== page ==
The mission is moving east
by: Merry MacKinnon, ROSE Community Development Corporation’s Executive Director, Nick Sauvie, lives in a Woodstock house ten blocks west of his office on Southeast 52nd and Duke. The CDC's efforts are now moving east--as is poverty, Sauvie notes.

The ten-block walk from Nick Sauvie's house on S.E. 42nd Avenue in Woodstock to his job at ROSE Community Development Corporation on 52nd and Duke takes him to a neighborhood the CDC once targeted for revitalization.

As Executive Director of the only community development corporation serving the Woodstock, Brentwood-Darlington, Foster-Powell, Mt. Scott-Arleta, and Lents neighborhoods, Sauvie's got a developer's eye for his territory. However, instead of reaping profits, his work at the nonprofit helps keep housing affordable for low-income residents.

For years, ROSE staff also worked to revitalize Southeast neighborhoods located west of 82nd Avenue. Meanwhile, the real estate market was taking off. So now, instead of strolling through a deteriorating neighborhood as he passes beyond Woodstock into Brentwood-Darlington on his way to work, Sauvie sees few, if any, houses with market values less than $200,000.

Thus, as a result of rising housing costs, poverty is moving east--and so is Rose CDC's focus.

'Poverty as a whole has moved out of Inner East Portland neighborhoods,' Sauvie says. 'We've got a phenomenon where a lot of American cities have had a rebirth, and then you see gentrification of the inner city and displacement of poor to inner-ring suburbs. In Portland's case, that would be Rockwood, Parkrose, and Gresham.'

For the next five years, Rose CDC will focus its revitalization and affordable housing efforts in the Lents Renewal Area east of 82nd Avenue of Roses, where land is cheaper.

The organization has also broken ground on Leander Courts, a 37-unit apartment complex at 4600 S.E. 122nd Avenue, designed for low-income families with children.

'For Leander Court, we needed a good-sized piece of land,' explains Sauvie. 'Real estate is so much more expensive now, than when we started.'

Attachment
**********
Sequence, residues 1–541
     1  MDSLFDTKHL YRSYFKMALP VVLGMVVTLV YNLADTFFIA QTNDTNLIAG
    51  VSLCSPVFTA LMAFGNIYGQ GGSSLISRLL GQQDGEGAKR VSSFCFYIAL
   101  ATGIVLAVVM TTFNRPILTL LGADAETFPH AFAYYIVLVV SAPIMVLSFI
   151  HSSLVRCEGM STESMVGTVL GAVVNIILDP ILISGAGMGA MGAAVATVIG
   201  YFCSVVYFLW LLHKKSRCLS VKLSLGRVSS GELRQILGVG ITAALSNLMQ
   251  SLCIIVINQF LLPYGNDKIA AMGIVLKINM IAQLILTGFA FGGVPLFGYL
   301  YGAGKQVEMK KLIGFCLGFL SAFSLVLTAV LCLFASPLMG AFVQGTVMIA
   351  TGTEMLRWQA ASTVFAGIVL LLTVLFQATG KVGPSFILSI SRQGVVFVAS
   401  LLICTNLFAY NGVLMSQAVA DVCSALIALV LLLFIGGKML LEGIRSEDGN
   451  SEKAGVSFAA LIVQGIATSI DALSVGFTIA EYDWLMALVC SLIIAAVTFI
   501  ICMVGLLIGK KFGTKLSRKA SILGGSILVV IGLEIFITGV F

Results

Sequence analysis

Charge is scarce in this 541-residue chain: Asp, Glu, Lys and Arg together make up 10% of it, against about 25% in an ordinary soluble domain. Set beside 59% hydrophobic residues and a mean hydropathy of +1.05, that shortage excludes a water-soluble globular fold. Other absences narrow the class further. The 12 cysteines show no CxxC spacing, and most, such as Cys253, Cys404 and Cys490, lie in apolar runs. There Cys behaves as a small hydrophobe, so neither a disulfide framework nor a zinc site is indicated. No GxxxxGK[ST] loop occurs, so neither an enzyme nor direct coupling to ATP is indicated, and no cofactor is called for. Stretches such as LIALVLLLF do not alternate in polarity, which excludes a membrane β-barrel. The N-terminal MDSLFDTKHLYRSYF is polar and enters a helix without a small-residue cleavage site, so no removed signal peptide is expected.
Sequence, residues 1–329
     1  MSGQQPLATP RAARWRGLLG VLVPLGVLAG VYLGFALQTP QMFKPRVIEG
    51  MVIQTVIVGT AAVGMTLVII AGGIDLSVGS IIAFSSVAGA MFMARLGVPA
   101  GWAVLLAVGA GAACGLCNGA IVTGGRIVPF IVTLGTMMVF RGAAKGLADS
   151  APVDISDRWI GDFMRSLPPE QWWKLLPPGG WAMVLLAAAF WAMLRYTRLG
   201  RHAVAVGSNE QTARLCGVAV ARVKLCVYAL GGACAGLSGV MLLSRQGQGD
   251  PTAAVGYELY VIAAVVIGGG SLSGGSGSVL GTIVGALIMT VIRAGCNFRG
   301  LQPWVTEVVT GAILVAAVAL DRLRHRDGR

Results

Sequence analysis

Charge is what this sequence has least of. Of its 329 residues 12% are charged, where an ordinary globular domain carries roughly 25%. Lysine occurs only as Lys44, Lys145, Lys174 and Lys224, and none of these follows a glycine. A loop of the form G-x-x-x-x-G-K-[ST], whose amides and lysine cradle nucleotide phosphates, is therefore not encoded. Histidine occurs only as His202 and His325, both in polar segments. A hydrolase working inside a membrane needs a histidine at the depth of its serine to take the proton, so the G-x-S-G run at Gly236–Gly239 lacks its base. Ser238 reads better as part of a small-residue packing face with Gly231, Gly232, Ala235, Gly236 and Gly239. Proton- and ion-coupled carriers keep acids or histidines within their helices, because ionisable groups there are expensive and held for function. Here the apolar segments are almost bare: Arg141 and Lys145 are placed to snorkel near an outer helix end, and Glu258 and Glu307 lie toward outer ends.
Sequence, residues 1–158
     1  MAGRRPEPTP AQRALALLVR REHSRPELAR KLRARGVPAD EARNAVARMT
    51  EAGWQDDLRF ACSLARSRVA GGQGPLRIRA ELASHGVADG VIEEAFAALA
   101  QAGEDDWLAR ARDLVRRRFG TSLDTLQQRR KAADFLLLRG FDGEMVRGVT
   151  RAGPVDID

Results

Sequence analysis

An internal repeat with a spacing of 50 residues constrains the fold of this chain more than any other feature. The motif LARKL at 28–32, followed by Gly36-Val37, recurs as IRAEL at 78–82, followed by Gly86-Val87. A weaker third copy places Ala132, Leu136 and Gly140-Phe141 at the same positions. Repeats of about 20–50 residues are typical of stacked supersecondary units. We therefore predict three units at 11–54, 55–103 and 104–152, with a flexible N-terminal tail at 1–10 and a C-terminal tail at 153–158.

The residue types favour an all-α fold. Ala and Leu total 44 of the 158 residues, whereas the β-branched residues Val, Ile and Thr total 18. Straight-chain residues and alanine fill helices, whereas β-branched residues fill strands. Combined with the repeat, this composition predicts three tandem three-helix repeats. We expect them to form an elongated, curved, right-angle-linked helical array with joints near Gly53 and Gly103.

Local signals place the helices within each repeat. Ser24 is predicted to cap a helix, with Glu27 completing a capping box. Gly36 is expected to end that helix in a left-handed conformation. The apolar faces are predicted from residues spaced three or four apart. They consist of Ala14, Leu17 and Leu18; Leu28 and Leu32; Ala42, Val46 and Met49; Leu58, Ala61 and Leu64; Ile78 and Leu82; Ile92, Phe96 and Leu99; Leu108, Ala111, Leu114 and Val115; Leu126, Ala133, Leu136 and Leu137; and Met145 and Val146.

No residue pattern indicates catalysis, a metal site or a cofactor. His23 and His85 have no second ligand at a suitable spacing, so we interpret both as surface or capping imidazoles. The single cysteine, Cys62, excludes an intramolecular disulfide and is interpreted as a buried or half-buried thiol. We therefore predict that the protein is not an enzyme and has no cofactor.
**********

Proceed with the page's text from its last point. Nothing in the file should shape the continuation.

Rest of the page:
Following a stint at the Southeast Uplift neighborhood coalition organization in the '80s, Sauvie and others formed 'ROSE CDC', which evolved from a community group called Outer Southeast Coalition. ROSE is an acronym standing for 'Revitalizing Outer South East'. At the point when the organization was founded, in the late '80s, affordable housing as an issue took a back seat to the concern that slums were spreading in Southeast Portland.

Hundreds of vacant and abandoned houses, many in Mt. Scott and Brentwood-Darlington, fostered crime and blight recalls Sauvie, who studied economics in college. 'We felt it was dragging the neighborhoods down,' he recalls. 'The desire to revitalize these neighborhoods was what got ROSE CDC started.'

In those days, Inner Southeast Portland real estate was inexpensive. Part of Rose's mission was to increase home ownership, and the first house ROSE purchased for rehab in 1992 cost only $25,000. Over the years, ROSE sold 25 refurbished houses, including one in Woodstock, to the low-income and disabled at below-market prices. The CDC also started building apartment units to rent at below-market rates to low-income people. It now provides rental housing for between 500 and 600 people.

'The average person in Portland can't afford an average home anymore,' Sauvie contends. Nevertheless, he and Rose CDC partners resolve to continue to get low-income people into decent housing.

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